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May 6, 2016

Behind the Blue and Gold – Matt Nichols

Sitting next to the large windows overlooking the snow-covered stadium at Investors Group Field, Matt Nichols looks out at the falling snow and shakes his head. “Well, I’m excited that the season starts in JUNE. I’m used to some of the snow, but when I got off the plane up here, it was a slap in the face for sure,” laughs the California native.

 

Winter weather aside, Nichols is happy to be back in his new home city. After a trade with Edmonton that sent the quarterback to Winnipeg in September, the former Eskimo, who had spent his entire six-year CFL career in green and yellow, couldn’t be happier to be in blue and gold. “You always feel like you’re going to be somewhere forever, even though that’s not the case in this business,” admits Nichols. “It’s hard to picture yourself somewhere else, but at the same time when the trade happened, I couldn’t have been more excited about coming here.”

 

While the veteran quarterback was thrown into the fire, starting in the Banjo Bowl just over a week after arriving in the Manitoba capital, he speaks of the team as a player who has spent the entirety of his career with the Blue Bombers. “I was only here for a couple months but it feels like it’s been a couple years,” smiles Nichols, who quickly earned the trust and respect of his new teammates.

 

“You go to battle with guys and they see you taking hits and getting back up, and that it was going to take something serious to take me off the field,” he explains. “Showing them that I put in the work, I just tried gaining their trust that way.”

 

Nichols

 

Having the support and help of injured quarterback, Drew Willy, went a long way in bringing Nichols up to speed quickly on the playbook and getting to know his teammates. “I think there’s a lot of guys who have the personality of ‘I don’t want to help this guy because that’s my job’ type thing, but it wasn’t that way at all,” says Nichols. “Any questions I had, or on game day, I’d ask him what he was seeing and he’d give me any information he could to help me play well and help this team win.”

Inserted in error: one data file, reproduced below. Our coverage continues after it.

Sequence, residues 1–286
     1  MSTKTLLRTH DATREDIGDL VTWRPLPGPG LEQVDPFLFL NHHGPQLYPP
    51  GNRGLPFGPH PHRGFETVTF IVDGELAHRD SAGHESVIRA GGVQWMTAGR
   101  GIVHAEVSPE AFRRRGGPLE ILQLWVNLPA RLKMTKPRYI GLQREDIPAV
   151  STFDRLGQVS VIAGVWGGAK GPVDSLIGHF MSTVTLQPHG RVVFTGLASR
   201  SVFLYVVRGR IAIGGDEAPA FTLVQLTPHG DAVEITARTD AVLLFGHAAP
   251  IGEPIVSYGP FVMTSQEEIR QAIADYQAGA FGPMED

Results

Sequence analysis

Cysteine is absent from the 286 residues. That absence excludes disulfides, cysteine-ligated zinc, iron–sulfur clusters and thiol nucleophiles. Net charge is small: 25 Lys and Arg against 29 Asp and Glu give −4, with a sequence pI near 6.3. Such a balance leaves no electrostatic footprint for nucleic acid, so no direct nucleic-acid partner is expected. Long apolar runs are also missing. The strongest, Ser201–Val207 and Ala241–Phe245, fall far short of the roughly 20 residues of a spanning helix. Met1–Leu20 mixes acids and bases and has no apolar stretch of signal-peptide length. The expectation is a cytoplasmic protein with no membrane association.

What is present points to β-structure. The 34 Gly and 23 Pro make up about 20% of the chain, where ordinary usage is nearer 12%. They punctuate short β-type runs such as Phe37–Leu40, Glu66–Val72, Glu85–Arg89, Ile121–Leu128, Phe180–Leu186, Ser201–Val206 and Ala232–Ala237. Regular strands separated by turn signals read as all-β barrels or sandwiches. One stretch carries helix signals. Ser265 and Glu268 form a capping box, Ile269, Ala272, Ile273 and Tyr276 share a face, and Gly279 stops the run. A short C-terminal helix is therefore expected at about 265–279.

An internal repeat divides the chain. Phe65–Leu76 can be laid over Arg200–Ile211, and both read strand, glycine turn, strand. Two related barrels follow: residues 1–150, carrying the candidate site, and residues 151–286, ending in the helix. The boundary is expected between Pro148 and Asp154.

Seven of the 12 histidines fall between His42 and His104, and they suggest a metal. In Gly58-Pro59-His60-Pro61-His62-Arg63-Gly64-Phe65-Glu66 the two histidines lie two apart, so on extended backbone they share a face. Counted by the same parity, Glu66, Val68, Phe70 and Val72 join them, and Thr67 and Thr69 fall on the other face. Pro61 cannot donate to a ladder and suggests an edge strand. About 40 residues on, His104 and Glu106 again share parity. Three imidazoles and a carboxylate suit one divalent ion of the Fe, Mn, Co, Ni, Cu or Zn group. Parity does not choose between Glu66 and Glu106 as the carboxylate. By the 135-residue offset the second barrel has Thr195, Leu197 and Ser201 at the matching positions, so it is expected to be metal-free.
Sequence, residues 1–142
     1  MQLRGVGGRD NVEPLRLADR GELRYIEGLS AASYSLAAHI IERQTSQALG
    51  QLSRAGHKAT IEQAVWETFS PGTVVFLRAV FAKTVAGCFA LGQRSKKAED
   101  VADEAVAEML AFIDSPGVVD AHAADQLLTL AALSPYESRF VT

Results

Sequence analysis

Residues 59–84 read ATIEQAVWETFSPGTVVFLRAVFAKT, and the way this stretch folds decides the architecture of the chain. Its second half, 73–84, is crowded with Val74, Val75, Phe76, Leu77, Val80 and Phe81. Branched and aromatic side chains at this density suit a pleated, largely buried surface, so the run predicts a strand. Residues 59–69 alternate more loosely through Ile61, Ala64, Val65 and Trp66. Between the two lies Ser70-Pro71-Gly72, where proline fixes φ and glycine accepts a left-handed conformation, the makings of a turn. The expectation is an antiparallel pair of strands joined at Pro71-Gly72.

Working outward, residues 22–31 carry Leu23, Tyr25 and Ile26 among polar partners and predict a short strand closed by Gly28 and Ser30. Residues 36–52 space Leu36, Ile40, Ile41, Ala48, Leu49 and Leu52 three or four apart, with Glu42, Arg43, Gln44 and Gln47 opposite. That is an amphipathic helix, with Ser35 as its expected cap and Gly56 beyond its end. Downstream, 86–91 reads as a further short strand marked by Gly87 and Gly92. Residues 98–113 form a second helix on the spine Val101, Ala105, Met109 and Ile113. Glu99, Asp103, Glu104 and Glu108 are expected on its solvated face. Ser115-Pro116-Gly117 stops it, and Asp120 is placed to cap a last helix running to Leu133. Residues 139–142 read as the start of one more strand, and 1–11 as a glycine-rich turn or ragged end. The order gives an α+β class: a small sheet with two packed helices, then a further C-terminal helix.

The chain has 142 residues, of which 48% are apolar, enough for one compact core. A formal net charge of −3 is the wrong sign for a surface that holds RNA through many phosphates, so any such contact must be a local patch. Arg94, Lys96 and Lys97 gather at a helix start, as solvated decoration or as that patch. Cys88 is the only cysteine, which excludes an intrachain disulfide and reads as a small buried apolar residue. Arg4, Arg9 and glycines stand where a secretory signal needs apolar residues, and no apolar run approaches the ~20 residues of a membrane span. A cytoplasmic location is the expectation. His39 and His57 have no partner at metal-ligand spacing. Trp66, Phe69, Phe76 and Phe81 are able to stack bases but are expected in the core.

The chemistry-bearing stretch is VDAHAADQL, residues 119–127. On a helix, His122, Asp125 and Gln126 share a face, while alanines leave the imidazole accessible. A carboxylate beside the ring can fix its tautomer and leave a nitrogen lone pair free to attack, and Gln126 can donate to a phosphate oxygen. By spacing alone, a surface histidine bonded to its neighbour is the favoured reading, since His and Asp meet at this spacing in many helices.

With a common goal in sight, the two formed a quick friendship on and off the field, making the working relationship easy. “I want to be on a winning team so if he’s the guy on the field I’m going to help him, and if at some point in the season I’m on the field, I know he’s going to do everything he can to help me,” affirms Nichols. “Part of making a guy better, making a good team, is competition. So I plan on pushing Drew and making sure he’ll be as good as he can be and vice-versa.”

 

And this upside, the team’s potential as well as his own, is what excites Nichols heading into the 2016 season. “Last year was where I got the bulk of my playing experience and so I feel like the things I was able to do last year are going to be huge for me moving forward,” explains Nichols, leaning back and looking out at the snow-blanketed field.

 

“Luckily as a quarterback, I think your prime is 28-35 years-old, where in a lot of other positions, age factors in a little more. Once you get over 30 you’re seen as an older guy. For me, I’m 28 right now so I feel like my best years are ahead of me.”

 

Nichols feels the team’s time to breakout is ahead as well, with the Bombers on the brink of what could have been a completely different outcome in 2015. “It felt like we were extremely close to beating some really good teams; we were close against Ottawa twice who went to the Grey Cup, I felt like we should have beat Edmonton who won the Grey Cup, we had some bad luck at the end of the Calgary game that I felt we should have won. Those were three of the best teams in the league last year, so I’m excited to be here.”

 

His enthusiasm is obvious, especially when talking about new Offensive Coordinator, Paul LaPolice. “The last couple days up here have been awesome,” smiles Nichol, who is in Winnipeg for training in the Breaking the Violence Against Women program with four other teammates. But each day before starting the training sessions, Nichols made a point to visit with LaPolice. “He seems like a great guy, a lot of great ideas, he’s passionate, I look forward to working with him and I can tell already from the last couple days it’s going to be a great working relationship.”

 

The staff, the facilities, the team’s talent; these all factored into Nichols’ decision to resign in Winnipeg on January 5, 2016. But one of the biggest swaying factors was the immense fan support. “The Banjo Bowl last year, that was one of the best atmospheres I’ve ever been involved in football,” says Nichols, grinning at the memory. “This place was completely packed, the rivalry, I had been here for only a few days and going in to start a game… it was a crazy experience. To come in and win that rivalry game, at home, it was a great experience for me and I’m looking forward to more.”

 

Even in the dead of winter, passionate Winnipeg fans will jump at the opportunity to talk football, and the quarterback is more than happy to stop and chat. Even in the middle of dinner with his family. “It’s awesome even just being here for a couple days. We went out to dinner last night and I had a couple people come up and talk to me, so this city cares a lot about this team and they deserve a winner,” he asserts. “You can only control what you can control, and for me that’s working extremely hard this off-season to be ready for the city and my teammates.”

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